Either course of action leads down a path to encounter several problems for risk managers who need actionable solutions at appropriate scale that can deliver timely results and useful information to guide executive decision making that enables effective risk management:

  • Complex, rigid enterprise solutions set in place as the institutional “standard”
  • A user environment that’s not streamlined for ERM processes
  • Dependence upon IT for ERM requirements and configurations… e.g. reports, workflows, etc.
  • A GRC system focused on managing process related risks instead of enterprise risks, prioritizing the “how” over the “what.”

Let’s look at each of these in a bit more detail.

Complex Enterprise Solutions
The needs of specific divisions, subsidiaries, or other organizational parts of a business, however they are determined, may require more flexibility and adaptability than an enterprise solution may offer if it was installed and customized or configured to always address the enterprise as a whole. Such an implementation leads to standards-based rules and procedures binding its processes into a rigid framework that cannot easily flex for one area alone. Also, the process of making change is often bound to a management decision and approval hierarchy that’s slow to adapt.

A User Environment Not Streamlined For ERM Processes
Some systems are designed around a set of user standards and information management rules that can lead to panel designs, process steps, roadmaps and data groupings optimized to those standards rather than the key practices and requirements for ERM processes. Some enterprise systems began life focused upon one discipline or topical area, and “evolved” into enterprise ERM solutions over time, while retaining the user attributes best suited to their origins. This can make training users who otherwise understand ERM processes harder to achieve, take longer to complete, and may require much more supporting documentation that would otherwise be needed, adding time, resources, and cost to risk management processes.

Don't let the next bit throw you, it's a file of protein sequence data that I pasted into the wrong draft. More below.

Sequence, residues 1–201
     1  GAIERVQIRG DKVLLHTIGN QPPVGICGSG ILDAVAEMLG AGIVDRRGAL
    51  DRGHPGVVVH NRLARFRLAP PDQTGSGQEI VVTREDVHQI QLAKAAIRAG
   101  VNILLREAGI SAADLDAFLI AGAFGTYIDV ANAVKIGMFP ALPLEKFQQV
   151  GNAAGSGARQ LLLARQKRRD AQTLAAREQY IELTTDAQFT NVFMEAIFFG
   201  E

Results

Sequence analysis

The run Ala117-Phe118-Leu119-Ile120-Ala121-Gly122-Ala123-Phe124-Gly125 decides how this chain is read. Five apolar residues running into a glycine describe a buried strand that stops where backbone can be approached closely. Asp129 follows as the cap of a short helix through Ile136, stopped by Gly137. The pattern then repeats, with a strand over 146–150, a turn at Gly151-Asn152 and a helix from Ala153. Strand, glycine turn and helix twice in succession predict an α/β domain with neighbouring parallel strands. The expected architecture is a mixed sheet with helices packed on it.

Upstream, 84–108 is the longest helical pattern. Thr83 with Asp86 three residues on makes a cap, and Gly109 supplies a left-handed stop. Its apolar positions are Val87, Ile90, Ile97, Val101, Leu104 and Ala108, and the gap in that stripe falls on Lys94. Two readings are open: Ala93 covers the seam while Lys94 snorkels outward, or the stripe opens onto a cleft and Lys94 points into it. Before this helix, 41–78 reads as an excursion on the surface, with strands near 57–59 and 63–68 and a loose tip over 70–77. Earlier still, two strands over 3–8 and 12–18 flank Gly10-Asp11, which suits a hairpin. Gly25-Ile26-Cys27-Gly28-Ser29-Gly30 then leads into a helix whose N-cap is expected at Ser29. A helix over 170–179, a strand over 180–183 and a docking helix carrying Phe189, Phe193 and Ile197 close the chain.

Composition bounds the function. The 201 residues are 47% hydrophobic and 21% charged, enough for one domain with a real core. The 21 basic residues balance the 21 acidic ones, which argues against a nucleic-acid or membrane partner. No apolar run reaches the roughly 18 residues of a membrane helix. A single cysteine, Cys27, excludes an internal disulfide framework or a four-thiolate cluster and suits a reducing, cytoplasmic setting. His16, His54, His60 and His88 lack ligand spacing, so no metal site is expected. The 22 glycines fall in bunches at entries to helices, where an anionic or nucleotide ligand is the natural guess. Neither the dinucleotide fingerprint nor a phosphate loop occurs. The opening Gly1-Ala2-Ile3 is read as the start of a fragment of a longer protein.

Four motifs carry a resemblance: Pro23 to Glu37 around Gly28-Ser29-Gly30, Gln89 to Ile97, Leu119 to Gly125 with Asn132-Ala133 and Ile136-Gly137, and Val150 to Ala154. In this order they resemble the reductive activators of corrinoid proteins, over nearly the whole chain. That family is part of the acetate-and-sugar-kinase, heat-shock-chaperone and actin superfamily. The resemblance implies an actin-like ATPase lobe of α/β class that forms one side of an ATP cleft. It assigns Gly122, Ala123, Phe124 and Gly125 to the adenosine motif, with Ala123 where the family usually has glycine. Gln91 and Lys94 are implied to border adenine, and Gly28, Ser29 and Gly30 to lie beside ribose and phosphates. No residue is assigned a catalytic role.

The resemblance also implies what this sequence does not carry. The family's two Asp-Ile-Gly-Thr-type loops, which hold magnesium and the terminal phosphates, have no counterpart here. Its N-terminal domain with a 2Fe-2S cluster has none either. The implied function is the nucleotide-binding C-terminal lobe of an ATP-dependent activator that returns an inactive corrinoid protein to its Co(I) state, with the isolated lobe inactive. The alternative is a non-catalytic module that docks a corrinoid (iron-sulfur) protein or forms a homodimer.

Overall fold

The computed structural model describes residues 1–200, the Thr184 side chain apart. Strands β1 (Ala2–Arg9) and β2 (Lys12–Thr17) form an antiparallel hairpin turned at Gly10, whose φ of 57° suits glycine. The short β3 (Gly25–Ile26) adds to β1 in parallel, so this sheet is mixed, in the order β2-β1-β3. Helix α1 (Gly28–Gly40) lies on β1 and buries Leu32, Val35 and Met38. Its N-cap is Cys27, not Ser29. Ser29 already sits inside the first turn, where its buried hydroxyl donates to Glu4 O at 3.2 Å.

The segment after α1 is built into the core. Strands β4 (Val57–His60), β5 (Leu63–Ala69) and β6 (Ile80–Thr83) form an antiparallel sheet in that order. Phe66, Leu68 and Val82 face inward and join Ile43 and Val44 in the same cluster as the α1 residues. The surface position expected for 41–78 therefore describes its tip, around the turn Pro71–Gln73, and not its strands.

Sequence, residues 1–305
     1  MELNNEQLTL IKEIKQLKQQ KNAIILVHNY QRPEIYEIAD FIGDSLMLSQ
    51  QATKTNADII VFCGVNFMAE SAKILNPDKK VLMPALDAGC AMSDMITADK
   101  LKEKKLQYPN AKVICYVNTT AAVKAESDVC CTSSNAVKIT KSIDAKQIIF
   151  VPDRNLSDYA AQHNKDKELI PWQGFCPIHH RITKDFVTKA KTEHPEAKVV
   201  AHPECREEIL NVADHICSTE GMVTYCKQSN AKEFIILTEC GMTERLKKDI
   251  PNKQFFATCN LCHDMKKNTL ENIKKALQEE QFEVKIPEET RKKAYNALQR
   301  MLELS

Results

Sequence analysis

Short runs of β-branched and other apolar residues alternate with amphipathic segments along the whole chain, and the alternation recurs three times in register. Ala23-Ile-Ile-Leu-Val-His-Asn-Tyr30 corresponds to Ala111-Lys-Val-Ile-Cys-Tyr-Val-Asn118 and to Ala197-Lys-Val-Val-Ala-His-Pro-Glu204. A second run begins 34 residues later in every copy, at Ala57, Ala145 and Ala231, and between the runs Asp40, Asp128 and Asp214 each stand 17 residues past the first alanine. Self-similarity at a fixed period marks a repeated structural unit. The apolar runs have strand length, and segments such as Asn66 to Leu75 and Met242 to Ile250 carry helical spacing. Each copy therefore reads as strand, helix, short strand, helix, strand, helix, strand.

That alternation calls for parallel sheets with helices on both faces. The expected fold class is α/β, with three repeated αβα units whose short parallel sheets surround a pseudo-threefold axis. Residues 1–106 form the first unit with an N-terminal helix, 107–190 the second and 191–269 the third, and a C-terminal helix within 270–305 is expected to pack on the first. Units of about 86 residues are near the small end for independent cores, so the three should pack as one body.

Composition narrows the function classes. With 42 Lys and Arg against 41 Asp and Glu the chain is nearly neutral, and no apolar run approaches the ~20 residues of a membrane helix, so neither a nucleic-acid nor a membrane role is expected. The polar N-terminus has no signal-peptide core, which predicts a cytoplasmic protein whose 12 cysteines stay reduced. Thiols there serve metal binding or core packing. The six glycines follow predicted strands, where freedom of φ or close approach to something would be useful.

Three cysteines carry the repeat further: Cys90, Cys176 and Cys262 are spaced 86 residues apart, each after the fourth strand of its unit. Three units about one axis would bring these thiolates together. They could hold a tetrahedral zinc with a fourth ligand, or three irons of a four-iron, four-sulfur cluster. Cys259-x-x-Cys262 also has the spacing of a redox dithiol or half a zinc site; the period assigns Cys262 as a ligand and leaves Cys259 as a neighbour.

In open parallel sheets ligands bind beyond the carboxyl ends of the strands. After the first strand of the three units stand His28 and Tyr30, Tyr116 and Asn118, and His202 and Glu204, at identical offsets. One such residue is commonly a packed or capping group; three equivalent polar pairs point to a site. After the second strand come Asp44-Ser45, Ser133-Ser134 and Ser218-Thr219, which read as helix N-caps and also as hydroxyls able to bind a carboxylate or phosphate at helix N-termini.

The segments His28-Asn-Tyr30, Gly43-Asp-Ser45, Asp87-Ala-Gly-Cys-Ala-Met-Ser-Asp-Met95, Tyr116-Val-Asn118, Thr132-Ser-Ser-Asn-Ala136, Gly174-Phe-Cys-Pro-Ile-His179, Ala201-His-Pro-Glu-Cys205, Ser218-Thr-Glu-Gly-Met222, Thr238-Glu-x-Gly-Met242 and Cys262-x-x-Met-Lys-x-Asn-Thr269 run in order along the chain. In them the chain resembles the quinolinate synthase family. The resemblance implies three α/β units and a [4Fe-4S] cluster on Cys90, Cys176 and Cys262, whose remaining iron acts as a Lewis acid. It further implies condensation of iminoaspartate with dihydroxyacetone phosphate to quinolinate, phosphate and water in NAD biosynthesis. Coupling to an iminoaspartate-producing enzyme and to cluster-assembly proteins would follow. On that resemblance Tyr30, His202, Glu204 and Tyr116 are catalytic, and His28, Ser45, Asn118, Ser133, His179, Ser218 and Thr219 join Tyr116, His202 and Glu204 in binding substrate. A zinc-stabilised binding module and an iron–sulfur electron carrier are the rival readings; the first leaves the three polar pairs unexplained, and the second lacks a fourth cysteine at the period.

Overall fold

Dependence Upon IT
This may be the most frustrating concern of all. Seeing the need for change, knowing what it needs to change from to adjust a process, trying to produce a report to communicate effectively with key stakeholders and executive management, or trying to respond to new configurations of workflows, organizational groupings, or compliance rules and needing to reach out to a centralized IT function with its own priorities and resource schedules can be deeply frustrating. Also, there may be inadequate training for this centralized support service so requests may lead to referrals back to the vendor, then to IT and finally, back to requesting units. This all consumes valuable time, and deteriorates the responsiveness and ability of the risk management unit to effectively perform in a responsive manner to the business and to its operating environment, and its regulatory and compliance obligations.

A GRC System Focused On The “How” Over The “What.”